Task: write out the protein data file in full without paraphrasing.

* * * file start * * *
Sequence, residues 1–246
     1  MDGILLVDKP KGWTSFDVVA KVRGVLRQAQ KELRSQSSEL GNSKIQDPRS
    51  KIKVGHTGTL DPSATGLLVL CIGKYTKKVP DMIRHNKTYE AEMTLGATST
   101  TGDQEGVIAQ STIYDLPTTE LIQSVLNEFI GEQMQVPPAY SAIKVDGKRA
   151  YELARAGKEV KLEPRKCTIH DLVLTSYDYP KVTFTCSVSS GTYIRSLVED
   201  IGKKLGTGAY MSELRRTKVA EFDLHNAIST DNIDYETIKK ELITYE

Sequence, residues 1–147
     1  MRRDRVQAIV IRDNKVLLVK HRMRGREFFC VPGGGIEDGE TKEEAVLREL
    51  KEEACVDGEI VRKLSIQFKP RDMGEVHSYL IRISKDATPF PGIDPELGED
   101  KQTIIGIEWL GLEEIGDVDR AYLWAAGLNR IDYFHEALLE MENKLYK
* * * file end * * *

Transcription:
Sequence, residues 1–246
     1  MDGILLVDKP KGWTSFDVVA KVRGVLRQAQ KELRSQSSEL GNSKIQDPRS
    51  KIKVGHTGTL DPSATGLLVL CIGKYTKKVP DMIRHNKTYE AEMTLGATST
   101  TGDQEGVIAQ STIYDLPTTE LIQSVLNEFI GEQMQVPPAY SAIKVDGKRA
   151  YELARAGKEV KLEPRKCTIH DLVLTSYDYP KVTFTCSVSS GTYIRSLVED
   201  IGKKLGTGAY MSELRRTKVA EFDLHNAIST DNIDYETIKK ELITYE

Sequence, residues 1–147
     1  MRRDRVQAIV IRDNKVLLVK HRMRGREFFC VPGGGIEDGE TKEEAVLREL
    51  KEEACVDGEI VRKLSIQFKP RDMGEVHSYL IRISKDATPF PGIDPELGED
   101  KQTIIGIEWL GLEEIGDVDR AYLWAAGLNR IDYFHEALLE MENKLYK